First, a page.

THE UK WILL LOSE about £10bn in VAT due between 2008 and 2014 on digital services, according to research conducted by telecoms and digital consultancy firm, Greenwich Consulting.
The report identifies a £1.6bn in the county’s collection structure for VAT, meaning consumers purchasing goods from suppliers outside the UK will have cost it approximately £10bn in lost revenue in the six years to 2014, according to the Guardian.
According to HM Revenue & Customs, in instances such as this, the fault does not lie with the supplier, which upon selling its goods or services will account for the VAT in its country.
An HMRC spokesman said: “It is a natural consequence of the VAT rules rather than any lack of compliance that a business in say, Germany, supplying such services to UK customers will account for VAT in Germany and not in the UK.
“Businesses have the freedom to establish themselves in whichever member state they wish. However, some UK businesses claimed to have moved their operations to other member states in order to benefit from lower VAT rates where in reality the supplies were still made from the UK. HMRC has successfully challenged such arrangements.”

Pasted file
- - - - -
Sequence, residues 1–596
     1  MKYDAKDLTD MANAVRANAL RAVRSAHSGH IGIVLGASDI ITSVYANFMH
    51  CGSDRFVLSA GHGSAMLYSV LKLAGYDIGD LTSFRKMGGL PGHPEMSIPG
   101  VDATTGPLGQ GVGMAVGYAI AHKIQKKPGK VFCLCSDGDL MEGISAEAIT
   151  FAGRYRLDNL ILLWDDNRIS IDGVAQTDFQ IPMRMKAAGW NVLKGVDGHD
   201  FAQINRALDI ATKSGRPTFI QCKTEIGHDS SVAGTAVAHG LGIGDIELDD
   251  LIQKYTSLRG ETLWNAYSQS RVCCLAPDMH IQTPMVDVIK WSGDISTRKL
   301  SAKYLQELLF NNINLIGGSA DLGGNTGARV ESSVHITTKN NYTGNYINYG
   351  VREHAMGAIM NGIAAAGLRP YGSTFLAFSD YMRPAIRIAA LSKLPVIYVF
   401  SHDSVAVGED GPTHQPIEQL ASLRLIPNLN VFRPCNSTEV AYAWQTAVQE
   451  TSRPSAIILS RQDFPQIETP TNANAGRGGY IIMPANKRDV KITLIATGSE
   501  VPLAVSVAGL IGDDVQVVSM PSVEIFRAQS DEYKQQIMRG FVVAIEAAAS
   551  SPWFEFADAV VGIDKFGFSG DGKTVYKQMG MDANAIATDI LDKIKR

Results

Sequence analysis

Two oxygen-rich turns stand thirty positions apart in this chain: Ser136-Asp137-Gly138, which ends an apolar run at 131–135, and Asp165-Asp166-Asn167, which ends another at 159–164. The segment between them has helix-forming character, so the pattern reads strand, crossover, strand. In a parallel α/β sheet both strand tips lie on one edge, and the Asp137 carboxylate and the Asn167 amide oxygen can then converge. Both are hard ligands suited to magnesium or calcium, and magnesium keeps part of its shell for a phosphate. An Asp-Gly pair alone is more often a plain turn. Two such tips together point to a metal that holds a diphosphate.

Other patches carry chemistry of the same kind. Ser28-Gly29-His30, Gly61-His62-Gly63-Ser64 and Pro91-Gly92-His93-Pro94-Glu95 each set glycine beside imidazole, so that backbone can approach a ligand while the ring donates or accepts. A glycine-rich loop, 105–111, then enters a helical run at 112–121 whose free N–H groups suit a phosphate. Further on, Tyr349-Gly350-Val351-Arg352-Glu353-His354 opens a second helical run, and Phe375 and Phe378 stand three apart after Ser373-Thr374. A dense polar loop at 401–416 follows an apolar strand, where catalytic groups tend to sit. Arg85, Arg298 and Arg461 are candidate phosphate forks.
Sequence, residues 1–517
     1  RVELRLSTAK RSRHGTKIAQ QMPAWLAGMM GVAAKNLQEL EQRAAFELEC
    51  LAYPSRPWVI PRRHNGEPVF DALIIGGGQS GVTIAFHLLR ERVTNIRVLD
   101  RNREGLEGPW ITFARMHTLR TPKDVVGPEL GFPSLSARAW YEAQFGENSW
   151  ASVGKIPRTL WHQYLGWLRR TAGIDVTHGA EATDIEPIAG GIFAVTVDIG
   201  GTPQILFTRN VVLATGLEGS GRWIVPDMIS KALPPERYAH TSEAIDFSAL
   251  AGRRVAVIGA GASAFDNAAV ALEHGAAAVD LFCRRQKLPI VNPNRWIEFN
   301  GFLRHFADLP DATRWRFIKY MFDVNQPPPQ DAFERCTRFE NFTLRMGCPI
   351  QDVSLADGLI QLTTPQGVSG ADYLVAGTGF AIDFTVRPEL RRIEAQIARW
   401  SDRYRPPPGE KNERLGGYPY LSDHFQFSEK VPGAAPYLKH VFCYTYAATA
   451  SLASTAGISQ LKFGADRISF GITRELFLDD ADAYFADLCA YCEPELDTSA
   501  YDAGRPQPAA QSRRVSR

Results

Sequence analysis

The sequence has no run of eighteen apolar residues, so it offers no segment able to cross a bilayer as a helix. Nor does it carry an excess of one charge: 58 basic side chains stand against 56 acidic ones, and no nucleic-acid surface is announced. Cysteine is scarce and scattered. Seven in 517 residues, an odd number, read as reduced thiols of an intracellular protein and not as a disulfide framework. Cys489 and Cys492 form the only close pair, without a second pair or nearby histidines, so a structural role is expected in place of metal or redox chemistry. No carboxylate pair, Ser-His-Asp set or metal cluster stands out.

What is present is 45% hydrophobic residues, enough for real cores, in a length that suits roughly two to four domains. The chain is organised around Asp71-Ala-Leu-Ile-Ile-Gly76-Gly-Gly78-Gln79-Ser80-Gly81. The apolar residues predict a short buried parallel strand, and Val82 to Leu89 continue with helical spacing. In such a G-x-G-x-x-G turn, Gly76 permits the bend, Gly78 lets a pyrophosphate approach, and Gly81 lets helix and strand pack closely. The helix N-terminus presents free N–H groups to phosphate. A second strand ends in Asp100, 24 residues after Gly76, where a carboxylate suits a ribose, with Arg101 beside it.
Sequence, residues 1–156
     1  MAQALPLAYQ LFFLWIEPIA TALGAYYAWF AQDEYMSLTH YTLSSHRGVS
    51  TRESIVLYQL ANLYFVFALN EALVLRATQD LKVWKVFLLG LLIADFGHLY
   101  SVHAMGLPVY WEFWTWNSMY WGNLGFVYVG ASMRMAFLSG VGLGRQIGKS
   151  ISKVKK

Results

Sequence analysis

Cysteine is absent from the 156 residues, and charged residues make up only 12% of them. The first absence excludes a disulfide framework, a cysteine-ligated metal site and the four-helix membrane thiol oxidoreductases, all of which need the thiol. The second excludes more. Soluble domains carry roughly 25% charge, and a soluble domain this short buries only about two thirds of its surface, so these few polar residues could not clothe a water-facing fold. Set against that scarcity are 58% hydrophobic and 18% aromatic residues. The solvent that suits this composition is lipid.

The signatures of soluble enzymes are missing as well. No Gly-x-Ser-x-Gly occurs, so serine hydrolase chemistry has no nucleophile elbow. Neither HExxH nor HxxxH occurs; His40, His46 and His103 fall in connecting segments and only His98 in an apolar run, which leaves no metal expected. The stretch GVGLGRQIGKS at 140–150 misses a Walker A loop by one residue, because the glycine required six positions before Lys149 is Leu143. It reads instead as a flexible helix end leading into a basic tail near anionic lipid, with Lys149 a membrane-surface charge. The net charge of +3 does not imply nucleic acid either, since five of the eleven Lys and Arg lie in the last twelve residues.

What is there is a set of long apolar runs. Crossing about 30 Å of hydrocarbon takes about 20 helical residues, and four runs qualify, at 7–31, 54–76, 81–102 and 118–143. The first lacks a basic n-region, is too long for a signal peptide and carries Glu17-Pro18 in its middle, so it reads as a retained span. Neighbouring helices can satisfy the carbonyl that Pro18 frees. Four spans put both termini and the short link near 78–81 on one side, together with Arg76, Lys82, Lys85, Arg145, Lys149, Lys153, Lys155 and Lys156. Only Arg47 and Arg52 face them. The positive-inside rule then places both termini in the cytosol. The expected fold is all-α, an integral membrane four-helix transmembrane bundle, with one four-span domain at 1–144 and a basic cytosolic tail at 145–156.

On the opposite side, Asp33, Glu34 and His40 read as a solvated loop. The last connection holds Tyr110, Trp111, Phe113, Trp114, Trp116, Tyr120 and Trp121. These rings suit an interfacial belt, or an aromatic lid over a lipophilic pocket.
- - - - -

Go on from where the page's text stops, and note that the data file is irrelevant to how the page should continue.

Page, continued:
A report this week from the Public Accounts Committee on HMRC’s accounts for 2011/12 called for a “change of mindset” at the Revenue, and told it to be tougher on multinational companies avoiding tax in the UK.
Large international companies including Amazon, Google and Starbucks had been at the centre of controversy over driving down their UK tax bills by diverting their profits offshore.
The taxman was “not taking sufficiently aggressive action to assess and collect the appropriate amount of corporation tax from these multinationals”, the committee said.
At HMRC, Dmitri Surendran was responsible for leading the London team of the offshore, corporate and wealthy unit of the fraud investigation service
Research also finds that 84% of businesses believe that the government has not provided enough information about digital tax plans
A total of £16bn was lost through tax fraud last year, according to estimates released by Pinsent Masons
Additional tax a result of compliance investigations by HMRC, but overall revenue falls